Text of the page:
OPRAH WINFREY AMERICAN HERO

Oprah Gail Winfrey (born Orpah Gail Winfrey; January 29, 1954) is an American media proprietor, talk show host, actress, producer, and philanthropist


Oprah Gail Winfrey (born Orpah Gail Winfrey; January 29, 1954) is an American media proprietor, talk show host, actress, producer, and philanthropist. She is best known for her talk show The Oprah Winfrey Show, which was the highest-rated television program of its kind in history and was nationally syndicated from 1986 to 2011. Dubbed the "Queen of All Media", she has been ranked the richest African-American of the 20th century, the greatest black philanthropist in American history, and is currently North America's first and only multi-billionaire black person. Several assessments rank her as the most influential woman in the world. In 2013, she was awarded the Presidential Medal of Freedom by President Barack Obama and honorary doctorate degrees from Duke and Harvard. Winfrey was born into poverty in rural Mississippi to a teenage single mother and later raised in an inner-city Milwaukee neighborhood.

 

She has stated that she was molested during her childhood and early teens and became pregnant at 14; her son died in infancy.[16] Sent to live with the man she calls her father, a barber in Tennessee, Winfrey landed a job in radio while still in high school and began co-anchoring the local evening news at the age of 19. Her emotional ad-lib delivery eventually got her transferred to the daytime-talk-show arena, and after boosting a third-rated local Chicago talk show to first place, she launched her own production company and became internationally syndicated.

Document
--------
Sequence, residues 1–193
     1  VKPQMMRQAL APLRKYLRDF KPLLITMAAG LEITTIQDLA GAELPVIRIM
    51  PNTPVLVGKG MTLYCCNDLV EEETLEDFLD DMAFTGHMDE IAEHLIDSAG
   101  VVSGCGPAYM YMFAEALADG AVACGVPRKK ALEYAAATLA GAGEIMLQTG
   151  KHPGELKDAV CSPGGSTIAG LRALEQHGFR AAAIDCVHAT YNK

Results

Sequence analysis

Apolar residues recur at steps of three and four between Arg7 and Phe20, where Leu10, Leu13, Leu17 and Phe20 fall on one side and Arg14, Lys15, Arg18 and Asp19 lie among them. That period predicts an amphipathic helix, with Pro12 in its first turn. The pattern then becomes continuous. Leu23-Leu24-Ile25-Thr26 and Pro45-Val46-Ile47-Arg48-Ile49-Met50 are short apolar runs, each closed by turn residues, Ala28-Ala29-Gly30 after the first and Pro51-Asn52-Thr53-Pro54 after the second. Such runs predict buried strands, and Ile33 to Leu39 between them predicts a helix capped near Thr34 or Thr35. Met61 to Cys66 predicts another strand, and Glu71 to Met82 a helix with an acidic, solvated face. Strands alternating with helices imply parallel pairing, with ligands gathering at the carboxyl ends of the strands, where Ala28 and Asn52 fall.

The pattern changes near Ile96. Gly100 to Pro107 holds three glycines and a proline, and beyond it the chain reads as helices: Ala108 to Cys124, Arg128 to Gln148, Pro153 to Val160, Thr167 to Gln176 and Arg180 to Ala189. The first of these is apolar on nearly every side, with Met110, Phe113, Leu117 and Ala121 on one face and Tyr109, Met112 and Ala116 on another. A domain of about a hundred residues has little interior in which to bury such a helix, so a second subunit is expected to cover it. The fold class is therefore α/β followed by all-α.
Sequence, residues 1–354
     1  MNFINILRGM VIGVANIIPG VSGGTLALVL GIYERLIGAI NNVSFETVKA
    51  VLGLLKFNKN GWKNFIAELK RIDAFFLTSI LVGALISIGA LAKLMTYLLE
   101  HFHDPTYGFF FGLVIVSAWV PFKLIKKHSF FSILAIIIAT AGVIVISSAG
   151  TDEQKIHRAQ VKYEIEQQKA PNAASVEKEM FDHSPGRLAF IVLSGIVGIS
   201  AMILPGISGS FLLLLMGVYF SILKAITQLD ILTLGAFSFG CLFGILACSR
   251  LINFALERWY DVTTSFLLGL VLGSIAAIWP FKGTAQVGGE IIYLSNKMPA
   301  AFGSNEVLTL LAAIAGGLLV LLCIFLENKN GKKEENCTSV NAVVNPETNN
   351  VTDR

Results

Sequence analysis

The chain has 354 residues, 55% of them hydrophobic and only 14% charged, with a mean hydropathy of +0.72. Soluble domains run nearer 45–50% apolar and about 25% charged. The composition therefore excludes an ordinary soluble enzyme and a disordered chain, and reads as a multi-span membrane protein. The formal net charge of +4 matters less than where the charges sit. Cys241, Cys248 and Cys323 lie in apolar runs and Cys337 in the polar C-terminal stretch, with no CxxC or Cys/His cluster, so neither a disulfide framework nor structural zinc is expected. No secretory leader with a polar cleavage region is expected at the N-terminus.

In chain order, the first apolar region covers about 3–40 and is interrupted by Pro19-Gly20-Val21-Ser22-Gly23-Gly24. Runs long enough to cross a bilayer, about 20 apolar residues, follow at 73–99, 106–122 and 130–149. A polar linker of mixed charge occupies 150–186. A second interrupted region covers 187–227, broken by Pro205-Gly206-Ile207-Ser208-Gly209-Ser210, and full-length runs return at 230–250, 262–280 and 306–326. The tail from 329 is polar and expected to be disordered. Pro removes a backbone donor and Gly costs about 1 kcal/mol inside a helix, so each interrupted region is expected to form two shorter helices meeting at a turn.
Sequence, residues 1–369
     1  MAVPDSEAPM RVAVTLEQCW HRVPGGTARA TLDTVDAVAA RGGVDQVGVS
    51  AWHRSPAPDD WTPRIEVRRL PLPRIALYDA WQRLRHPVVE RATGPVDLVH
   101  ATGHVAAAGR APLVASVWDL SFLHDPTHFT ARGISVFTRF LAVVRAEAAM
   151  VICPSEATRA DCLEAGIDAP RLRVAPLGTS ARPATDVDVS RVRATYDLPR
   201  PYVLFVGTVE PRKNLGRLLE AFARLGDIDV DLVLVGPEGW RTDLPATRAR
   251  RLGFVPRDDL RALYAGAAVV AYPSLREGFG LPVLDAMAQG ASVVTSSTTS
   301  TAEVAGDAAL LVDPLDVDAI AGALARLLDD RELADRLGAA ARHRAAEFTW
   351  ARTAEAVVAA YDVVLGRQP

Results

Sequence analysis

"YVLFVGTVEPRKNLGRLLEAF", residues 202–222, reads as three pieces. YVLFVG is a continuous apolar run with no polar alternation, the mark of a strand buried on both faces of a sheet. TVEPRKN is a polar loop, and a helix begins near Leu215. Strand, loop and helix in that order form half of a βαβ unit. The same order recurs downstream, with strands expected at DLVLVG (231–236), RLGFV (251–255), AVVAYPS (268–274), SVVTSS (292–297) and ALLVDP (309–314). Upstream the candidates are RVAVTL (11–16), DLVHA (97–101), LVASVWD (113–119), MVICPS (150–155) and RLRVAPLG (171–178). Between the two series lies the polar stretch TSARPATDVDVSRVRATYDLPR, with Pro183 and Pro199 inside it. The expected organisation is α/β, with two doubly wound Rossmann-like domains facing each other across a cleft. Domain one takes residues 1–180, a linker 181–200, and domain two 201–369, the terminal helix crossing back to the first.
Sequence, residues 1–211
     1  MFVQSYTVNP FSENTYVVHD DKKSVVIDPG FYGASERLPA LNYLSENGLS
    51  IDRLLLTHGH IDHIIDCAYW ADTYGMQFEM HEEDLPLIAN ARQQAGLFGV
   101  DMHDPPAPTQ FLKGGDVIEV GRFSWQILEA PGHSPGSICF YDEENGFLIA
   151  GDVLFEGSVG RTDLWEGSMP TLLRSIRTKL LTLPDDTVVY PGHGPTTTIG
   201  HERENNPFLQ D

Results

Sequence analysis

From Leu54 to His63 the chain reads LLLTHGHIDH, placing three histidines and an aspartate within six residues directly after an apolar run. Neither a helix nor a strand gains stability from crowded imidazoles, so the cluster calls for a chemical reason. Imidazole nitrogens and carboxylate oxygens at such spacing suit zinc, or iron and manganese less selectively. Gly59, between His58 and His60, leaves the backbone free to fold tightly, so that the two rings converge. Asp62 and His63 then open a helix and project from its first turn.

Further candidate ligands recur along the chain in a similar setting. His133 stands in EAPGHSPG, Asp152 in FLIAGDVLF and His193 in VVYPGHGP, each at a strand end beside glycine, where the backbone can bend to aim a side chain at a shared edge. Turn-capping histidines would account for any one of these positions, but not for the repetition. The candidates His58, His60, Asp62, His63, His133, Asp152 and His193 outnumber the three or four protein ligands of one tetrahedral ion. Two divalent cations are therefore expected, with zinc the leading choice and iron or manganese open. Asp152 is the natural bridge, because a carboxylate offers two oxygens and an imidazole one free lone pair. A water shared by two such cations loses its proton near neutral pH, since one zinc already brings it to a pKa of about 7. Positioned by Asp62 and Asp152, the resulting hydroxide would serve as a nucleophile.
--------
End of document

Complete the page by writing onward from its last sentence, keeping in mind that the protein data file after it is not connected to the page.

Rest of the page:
Credited with creating a more intimate confessional form of media communication, she is thought to have popularized and revolutionized the tabloid talk show genre pioneered by Phil Donahue, which a Yale study says broke 20th-century taboos and allowed LGBT people to enter the mainstream. By the mid-1990s, she had reinvented her show with a focus on literature, self-improvement, and spirituality. Though criticized for unleashing a confession culture, promoting controversial self-help ideas, and an emotion-centered approach, she is often praised for overcoming adversity to become a benefactor to others. From 2006 to 2008, Oprah Winfrey's endorsement of Barack Obama, by one estimate, delivered over a million votes in the close 2008 Democratic primary race.

 

Winfrey was named "Orpah" on her birth certificate after the biblical figure in the Book of Ruth, but people mispronounced it regularly and "Oprah" stuck.[1] Winfrey was born in Kosciusko, Mississippi, to an unmarried teenage mother. She later said that her conception was due to a single sexual encounter and the couple broke up not long after. Her mother, Vernita Lee (born c. 1935), was a housemaid. Winfrey's biological father is usually noted as Vernon Winfrey (born 1933), a coal miner turned barber turned city councilman who had been in the Armed Forces when she was born.

 

However, Mississippi farmer and World War II veteran Noah Robinson, Sr. (born c. 1925) has claimed to be her biological father. A genetic test in 2006 determined that her matrilineal line originated among the Kpelle ethnic group, in the area that today is Liberia. Her genetic makeup was determined to be 89% Sub-Saharan African, 8% Native American, and 3% East Asian. However, the East Asian may, given the imprecision of genetic testing, actually be Native American markers.[28] After Winfrey's birth, her mother traveled north and Winfrey spent her first six years living in rural poverty with her maternal grandmother, Hattie Mae (Presley) Lee (April 15, 1900 – February 27, 1963), who was so poor that Winfrey often wore dresses made of potato sacks, for which the local children made fun of her.[29][30] Her grandmother taught her to read before the age of three and took her to the local church, where she was nicknamed "The Preacher" for her ability to recite Bible verses.

While Winfrey was in Nashville, Lee gave birth to a third daughter who was put up for adoption

Winfrey became an honors student, was voted Most Popular Girl, and joined her high school speech team at East Nashville High School,